Monday, December 8, 2003

Vatican exhibit a special delivery



By Marilyn Bauer
The Cincinnati Enquirer

Moving a show as monumental as Saint Peter and the Vatican: The Legacy of the Popes could be considered a divine challenge.

When the show closed in Fort Lauderdale in late November, the second city on its four-city, 18-month tour, organizers had roughly four weeks to pack up and move the show to the next stop. Last week, the 350 artworks and historically significant objects arrived at Cincinnati Museum Center. On Monday, staff began unpacking sets and scenery.

"We have so much stuff, and we do it in a relatively short amount of time," says Jeffrey Wyatt, vice president of production for Clear Channel Exhibitions, producers of the show.

"There are the art, objects, environments and videos to move in under 28 days. That's very fast for this type of thing, but we want to maximize the amount of time we can be open to the public with only four cities."

Saint Peter and the Vatican: The Legacy of the Popes opens Dec. 20 at the Museum Center. One of the most ambitious exhibitions to be mounted in the Queen City, it covers more than 2,000 years of Western civilization. It is the largest exhibition of Vatican art to be shown in North America. It premiered in Houston in March and will move on to San Diego when its Cincinnati run ends April 18.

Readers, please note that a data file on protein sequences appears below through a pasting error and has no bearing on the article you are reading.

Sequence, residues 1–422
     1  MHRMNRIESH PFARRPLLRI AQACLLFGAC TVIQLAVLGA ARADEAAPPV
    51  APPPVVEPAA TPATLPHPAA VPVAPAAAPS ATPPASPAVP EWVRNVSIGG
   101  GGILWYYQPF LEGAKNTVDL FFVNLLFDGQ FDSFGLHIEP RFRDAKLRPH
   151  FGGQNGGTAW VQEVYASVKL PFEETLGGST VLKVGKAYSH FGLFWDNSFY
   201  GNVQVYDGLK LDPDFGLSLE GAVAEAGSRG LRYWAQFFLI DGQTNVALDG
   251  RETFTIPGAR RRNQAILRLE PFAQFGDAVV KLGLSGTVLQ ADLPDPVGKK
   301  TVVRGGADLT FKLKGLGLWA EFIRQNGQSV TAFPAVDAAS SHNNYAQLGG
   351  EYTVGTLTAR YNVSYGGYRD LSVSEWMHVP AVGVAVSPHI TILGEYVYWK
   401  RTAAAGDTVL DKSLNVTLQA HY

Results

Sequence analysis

A road show of this magnitude takes a bit of doing.

The artworks and artifacts are moved in 24 special trailers that are climate-controlled and very secure. They move directly from one location to another, carrying two drivers and stopping only for fuel. It takes eight to 10 days to pack up the exhibition, which is done by specially appointed couriers from the Holy See in Rome.

"The couriers from the Vatican work with specially trained art handlers who know the proper techniques for packing and moving fine art," Wyatt says. "The precious items are packed in custom crates made in Italy, placed in foam and covered by paper. It takes 95 crates to move 350 objects."

The crates have Styrofoam shelves with cutouts for the shape of the item or items to be packed inside - standard operating procedure for fine art transit. The transport is organized by Wyatt along with production manager Gail Wood, who also keeps the inventory.

The majority of the objects come directly from Fort Lauderdale, but because drawings by Michelangelo are switched at each location for preservation reasons, four pieces come from the artist's estate, Casa Buonarroti, in Florence, Italy.

In Fort Lauderdale, the couriers, called Guards of the Sistine Chapel, examined the condition of each piece before crating them. When everything was boxed up, the crates were moved out of the building and put on the trucks together.

At the Vatican, the guards are responsible for opening and closing the Sistine Chapel every day, Wyatt says. "They are responsible for the objects there and the pope's liturgical items and objects of the Mass. They are responsible for his wardrobe and pack him up when he travels."

Time and effort

Saint Peter and the Vatican: The Legacy of the Popes is the largest exhibition produced by Clear Channel Exhibitions. It requires:

• 28 days from close to start to open the exhibition in Cincinnati.

• 2 guards of the Sistine Chapel (Vatican couriers) to pack the show.

• 8 to 10 days to pack.

• 95 custom-made crates.

• 24 trailer/trucks.

• 48 drivers.

• A crew of 40 people working two shifts to install the show.

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E-mail mbauer@enquirer.com




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